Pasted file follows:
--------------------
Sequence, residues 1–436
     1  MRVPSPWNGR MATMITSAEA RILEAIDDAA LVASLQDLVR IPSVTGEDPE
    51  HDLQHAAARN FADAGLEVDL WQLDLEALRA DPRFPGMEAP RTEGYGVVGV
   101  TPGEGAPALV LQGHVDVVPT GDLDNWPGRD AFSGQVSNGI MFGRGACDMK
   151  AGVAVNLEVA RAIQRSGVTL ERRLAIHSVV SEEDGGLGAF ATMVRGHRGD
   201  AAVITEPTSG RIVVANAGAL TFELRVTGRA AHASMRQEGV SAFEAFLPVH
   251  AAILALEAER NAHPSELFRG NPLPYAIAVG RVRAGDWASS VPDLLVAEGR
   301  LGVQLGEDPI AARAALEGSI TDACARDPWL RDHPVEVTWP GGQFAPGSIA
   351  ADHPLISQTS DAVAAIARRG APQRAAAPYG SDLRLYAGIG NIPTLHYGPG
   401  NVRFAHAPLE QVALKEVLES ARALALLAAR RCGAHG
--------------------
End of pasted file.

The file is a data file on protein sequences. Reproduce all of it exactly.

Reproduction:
Sequence, residues 1–436
     1  MRVPSPWNGR MATMITSAEA RILEAIDDAA LVASLQDLVR IPSVTGEDPE
    51  HDLQHAAARN FADAGLEVDL WQLDLEALRA DPRFPGMEAP RTEGYGVVGV
   101  TPGEGAPALV LQGHVDVVPT GDLDNWPGRD AFSGQVSNGI MFGRGACDMK
   151  AGVAVNLEVA RAIQRSGVTL ERRLAIHSVV SEEDGGLGAF ATMVRGHRGD
   201  AAVITEPTSG RIVVANAGAL TFELRVTGRA AHASMRQEGV SAFEAFLPVH
   251  AAILALEAER NAHPSELFRG NPLPYAIAVG RVRAGDWASS VPDLLVAEGR
   301  LGVQLGEDPI AARAALEGSI TDACARDPWL RDHPVEVTWP GGQFAPGSIA
   351  ADHPLISQTS DAVAAIARRG APQRAAAPYG SDLRLYAGIG NIPTLHYGPG
   401  NVRFAHAPLE QVALKEVLES ARALALLAAR RCGAHG